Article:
Tuesday, Ben took a look at the off-season budget crunch the Red Sox face after this season ends. Boston will need to make tough decisions on players like Jonathan Papelbon and David Ortiz over the winter, but one of the biggest expenses might be entirely out of their hands. Jacoby Ellsbury is entering his second year of arbitration and his case is a complete outlier in the history of the process. With Ells’ MVP-caliber performance, it is very possible that agent Scott Boras will take the team to the arbiter, seeking a major pay bump, possibly even a record setting one.
Looking back at arbitration cases, Tom Tango has shown that second year arbitration awards tend to be around 50-60% of a player’s expected free agent compensation price. What price would the free market assign Jacoby Ellsbury? Based soley on his fWAR, fangraphs puts Ellsbury’s 2011 dollar value at a ridiculous $36.5M. I doubt even Scott Boars would claim the centerfielder should be paid anything near that. Averaging his value over the past four seasons with the same dollar-win figures, gives us a far more reasonable price of $16.6M. That will be much closer to the salary Ells might land as a free agent and Boras will probably present the Red Sox with a very similar rate in justifying his price. Given Tango’s findings for second year arbitration, Ellsbury might expect to receive between $8.3M and $9.96M- both near record awards.
The arbitration board does not use fWAR or fangraph’s dollar-win pricing model, however, even if Boras would like them to. As baseball prospectus writer Jeff Euston put it, the process "considers the player’s performance and leadership, the club’s record and attendance, and salaries of comparable players in his service-time class and the class one year ahead of him," It also considers "special accomplishments," which will be a central issue in the case of Jacoby Ellsbury, especially if he wins the MVP award.
The first point of consideration is fairly easy- Ellsbury has been the lead-off man and offensive sparkplug for Boston all season. The Red Sox will almost certainly make the playoffs and likely finish with one of the best records in the baseball. Attendance at Fenway will also be among the best in game and Boston bumps up attendance on the road as well. All of that favors Ells’ case.
Among the arbitration eligible for next season, there is just one centerfielder, Adam Jones of the Baltimore Orioles. Jones is making $3.25M for 2011, more than Ellsbury’s base salary of $2.4M, but he is a poor comparison at this point. The only other centerfielder to be arbitration eligible this year would have been an excellent comparison- the Ranger’s Josh Hamilton. Hamilton will avoid arbitration with a two year deal signed in January that paid him $7.25M and will pay $13.75M next year. That deal will almost certainly factor into the negotiations this off-season and may set the market rate. Should Ellsbury win the MVP, an record breaking figure of $13M would have precedence thanks to Hamilton.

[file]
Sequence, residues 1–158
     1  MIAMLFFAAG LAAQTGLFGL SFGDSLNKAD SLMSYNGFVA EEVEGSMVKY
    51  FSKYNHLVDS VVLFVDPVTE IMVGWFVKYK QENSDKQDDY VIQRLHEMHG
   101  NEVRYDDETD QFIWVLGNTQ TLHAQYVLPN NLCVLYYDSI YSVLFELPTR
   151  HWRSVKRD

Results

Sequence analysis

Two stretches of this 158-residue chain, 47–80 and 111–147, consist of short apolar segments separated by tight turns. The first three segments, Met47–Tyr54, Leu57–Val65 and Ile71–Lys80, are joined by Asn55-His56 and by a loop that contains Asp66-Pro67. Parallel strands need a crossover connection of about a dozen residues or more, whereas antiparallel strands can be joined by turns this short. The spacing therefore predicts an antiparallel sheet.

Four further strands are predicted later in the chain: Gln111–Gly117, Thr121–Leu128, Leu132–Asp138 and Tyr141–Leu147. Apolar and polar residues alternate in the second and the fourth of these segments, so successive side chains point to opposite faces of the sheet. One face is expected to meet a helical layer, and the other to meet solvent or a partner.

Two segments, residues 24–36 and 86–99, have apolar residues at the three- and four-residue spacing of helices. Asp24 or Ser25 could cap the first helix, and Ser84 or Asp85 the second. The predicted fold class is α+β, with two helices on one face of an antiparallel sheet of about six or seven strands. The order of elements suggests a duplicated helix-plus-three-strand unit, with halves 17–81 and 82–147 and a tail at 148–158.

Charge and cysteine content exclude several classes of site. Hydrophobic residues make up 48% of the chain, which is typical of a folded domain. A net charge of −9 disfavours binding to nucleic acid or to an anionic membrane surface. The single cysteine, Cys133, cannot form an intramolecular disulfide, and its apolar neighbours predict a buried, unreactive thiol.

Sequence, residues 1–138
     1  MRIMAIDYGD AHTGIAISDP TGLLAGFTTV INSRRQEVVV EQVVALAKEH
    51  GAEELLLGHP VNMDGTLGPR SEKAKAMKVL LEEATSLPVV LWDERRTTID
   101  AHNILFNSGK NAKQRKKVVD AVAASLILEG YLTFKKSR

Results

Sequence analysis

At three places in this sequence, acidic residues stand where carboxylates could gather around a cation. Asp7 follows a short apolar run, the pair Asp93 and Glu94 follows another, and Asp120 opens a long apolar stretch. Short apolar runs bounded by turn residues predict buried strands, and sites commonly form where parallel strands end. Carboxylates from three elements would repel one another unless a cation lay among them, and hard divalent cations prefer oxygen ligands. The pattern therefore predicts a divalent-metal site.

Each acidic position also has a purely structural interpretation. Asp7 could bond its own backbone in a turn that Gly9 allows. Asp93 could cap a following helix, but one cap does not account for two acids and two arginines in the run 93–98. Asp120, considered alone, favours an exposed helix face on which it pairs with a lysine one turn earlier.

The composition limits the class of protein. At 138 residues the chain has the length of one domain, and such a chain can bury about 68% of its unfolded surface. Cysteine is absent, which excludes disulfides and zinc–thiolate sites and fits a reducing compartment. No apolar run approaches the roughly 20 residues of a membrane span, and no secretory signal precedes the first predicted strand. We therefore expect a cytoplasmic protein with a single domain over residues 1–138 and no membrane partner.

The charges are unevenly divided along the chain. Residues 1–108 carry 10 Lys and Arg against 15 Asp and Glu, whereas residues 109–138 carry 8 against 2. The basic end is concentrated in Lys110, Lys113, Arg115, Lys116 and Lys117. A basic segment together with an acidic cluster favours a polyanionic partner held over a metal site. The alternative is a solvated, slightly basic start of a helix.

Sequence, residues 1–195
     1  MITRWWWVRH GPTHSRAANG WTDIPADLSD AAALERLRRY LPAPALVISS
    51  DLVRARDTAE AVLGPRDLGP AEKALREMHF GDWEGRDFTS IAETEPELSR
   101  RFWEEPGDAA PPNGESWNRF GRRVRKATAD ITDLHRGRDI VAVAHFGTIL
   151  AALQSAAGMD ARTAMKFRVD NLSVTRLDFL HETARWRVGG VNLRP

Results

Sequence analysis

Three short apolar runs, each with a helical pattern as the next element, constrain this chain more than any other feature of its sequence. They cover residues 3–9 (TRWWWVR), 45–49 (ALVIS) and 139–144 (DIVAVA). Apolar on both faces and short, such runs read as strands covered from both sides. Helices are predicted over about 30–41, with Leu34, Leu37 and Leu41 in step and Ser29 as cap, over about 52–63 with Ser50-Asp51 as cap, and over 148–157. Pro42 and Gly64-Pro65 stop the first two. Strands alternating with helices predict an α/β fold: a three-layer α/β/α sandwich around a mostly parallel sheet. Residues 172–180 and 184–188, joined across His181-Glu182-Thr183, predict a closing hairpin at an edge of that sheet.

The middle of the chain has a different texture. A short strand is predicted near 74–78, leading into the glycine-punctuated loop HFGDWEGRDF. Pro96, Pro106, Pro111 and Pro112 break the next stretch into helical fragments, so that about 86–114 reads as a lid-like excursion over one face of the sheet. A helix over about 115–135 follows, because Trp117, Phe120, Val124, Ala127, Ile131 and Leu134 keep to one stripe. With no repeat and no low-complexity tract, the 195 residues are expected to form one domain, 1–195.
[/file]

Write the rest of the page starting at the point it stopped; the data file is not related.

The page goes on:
Will the Red Sox or baseball’s arbitration board value Ellsbury that much?
It is difficult question to answer. Jacoby’s 2011 season doesn’t allow for many other comparisons. By fWAR, he has already passed 2007 NL MVP Ryan Howard in value. Howard’s $10M figure is the highest arbitration award given to any position player. However, Howard lead the league in home runs and in RBI’s that season and helped an underdog Phillies team reach the playoff with an incredible September performance. He had also won the 2006 NL Rookie of the Year award. Ellsbury hardly even played in 2010 and his 2008 season was only good enough to give him a third place finish in RoY voting. Given the emphasis that is often given to more traditional stats, it is hard to say what Ellsbury would receive. He has excellent counting stats, but also gets much of his value from the more difficult to quantify elements of the game, especially position and defense.
By way of comparable players, it does become a bit clearer. Much like Hamilton, Phillies’ star centerfielder Shane Victorino avoid arbitration with a multi-year deal. The Flyin’ Hawaiian will received $5M last year, in what would have been his second arbitration year and is getting $7.5M this season. NL MVP candidate Matt Kemp avoided arbitration before his first year and is making $7M this season. He will be eligible once again during the off-season setting up a nearly perfect model for Ellsbury’s case. AL MVP rival Curtis Granderson signed a five year deal worth $35M after his final pre-arb year, giving him just $3.5M for his second arbitration season and $5M for his third. This season he has made a cool $8.25M and been just slightly less valuable than Ellsbury.
Regardless whether Ellsbury takes the Sox to arbitration or settles with them, it is clear that he will be receiving a salary bump of at least 100-150% for next season. It is possible he and Boars will seek a record breaking number. The Red Sox have tried hard to avoid arbitration, but Ellsbury’s case is becoming a perfect storm. When the 2011 season ends, this will be one of biggest stories of the off-season.